CCC Camp Squaw Butte - Burns OR
In the winter of 1935, members of Civilian Conservation Corps (CCC) #1629 began construction of camp administrative and barracks buildings near Squaw Butte to facilitate CCC work related to the 16,000 acre Squaw Butte Federal Experimental Range Station. Today some of those building survive to support work at the North Great Basin Experimental Range Station and continued research on the ecology and management of rangelands.
CCC Company #2504 arrived in October 1936 to further the work associated with the Squaw Butte Experiment Station and its efforts to improve grazing conditions in this very dry, sagebrush area of Harney County, Oregon. The federal Taylor Grazing Act of 1934 had brought Western public domain lands together in an effort to stabilize the livestock industry and improve range lands. This required research. The state of Oregon’s response to such needs involved setting aside funding to develop, with the Grazing Service of the US Department of Interior, a range and livestock experiment station near Burns, Oregon.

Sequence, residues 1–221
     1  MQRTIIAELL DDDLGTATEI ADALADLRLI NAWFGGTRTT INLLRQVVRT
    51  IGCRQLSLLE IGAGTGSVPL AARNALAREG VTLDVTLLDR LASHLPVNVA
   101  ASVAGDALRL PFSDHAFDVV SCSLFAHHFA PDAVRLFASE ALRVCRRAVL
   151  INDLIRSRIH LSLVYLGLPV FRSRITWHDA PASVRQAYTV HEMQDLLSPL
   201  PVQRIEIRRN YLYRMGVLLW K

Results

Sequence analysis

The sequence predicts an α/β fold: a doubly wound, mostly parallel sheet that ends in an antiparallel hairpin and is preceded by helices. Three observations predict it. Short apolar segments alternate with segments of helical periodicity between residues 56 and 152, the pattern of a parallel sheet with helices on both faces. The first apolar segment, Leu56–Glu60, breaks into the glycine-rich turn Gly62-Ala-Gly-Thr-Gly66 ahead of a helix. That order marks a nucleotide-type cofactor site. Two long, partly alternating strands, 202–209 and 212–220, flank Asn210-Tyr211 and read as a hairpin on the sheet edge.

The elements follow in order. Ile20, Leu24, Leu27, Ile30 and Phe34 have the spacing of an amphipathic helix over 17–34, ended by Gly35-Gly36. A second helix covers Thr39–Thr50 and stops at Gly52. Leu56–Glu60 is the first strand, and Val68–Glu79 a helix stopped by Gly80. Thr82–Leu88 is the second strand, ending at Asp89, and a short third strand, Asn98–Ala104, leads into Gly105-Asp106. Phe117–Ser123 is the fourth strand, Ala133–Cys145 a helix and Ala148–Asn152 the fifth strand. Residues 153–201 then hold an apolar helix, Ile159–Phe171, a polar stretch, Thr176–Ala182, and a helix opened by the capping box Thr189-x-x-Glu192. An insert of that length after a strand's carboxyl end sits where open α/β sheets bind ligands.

CCC Camp Squaw Butte operated from 1935 through 1941. During that time, CCC enrollees built more than 60 miles of fencing and approximately 30-40 miles of road. During the six year period that the CCC contributed to the mission of the Squaw Butte Experiment Station, the efforts made to improve grazing and livestock production were described as unique and “calculated to work toward improved range practices in five of the western range states”(Burns Times-Herald).
"CCC to Hold Open House at Squaw Butte," Burns Times-Herald. April 2, 1937. Harney County Library Collection, Burns OR.
Sawyer, W. A. & Ralph Besse (1980) The Squaw Butte Experiment Station: Its Development, Program, and Accomplishments: 1935-1969. Special Report 599, September 1980. Oregon State University, Corvallis. PDF https://ir.library.oregonstate.edu/downloads/1544bq33z
"Visitors' Day Slated at Squaw Butte Station for Middle September," Sunday Oregonian. September 8, 1937.
Project originally submitted by Jim Reed on December 11, 2022.
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